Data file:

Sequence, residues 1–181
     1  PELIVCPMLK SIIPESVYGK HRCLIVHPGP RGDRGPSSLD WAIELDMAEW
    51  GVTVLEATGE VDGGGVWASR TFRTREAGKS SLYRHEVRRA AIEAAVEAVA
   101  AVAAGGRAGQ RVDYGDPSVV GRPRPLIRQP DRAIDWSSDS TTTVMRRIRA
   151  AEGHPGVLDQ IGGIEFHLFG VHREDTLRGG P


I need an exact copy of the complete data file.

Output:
Sequence, residues 1–181
     1  PELIVCPMLK SIIPESVYGK HRCLIVHPGP RGDRGPSSLD WAIELDMAEW
    51  GVTVLEATGE VDGGGVWASR TFRTREAGKS SLYRHEVRRA AIEAAVEAVA
   101  AVAAGGRAGQ RVDYGDPSVV GRPRPLIRQP DRAIDWSSDS TTTVMRRIRA
   151  AEGHPGVLDQ IGGIEFHLFG VHREDTLRGG P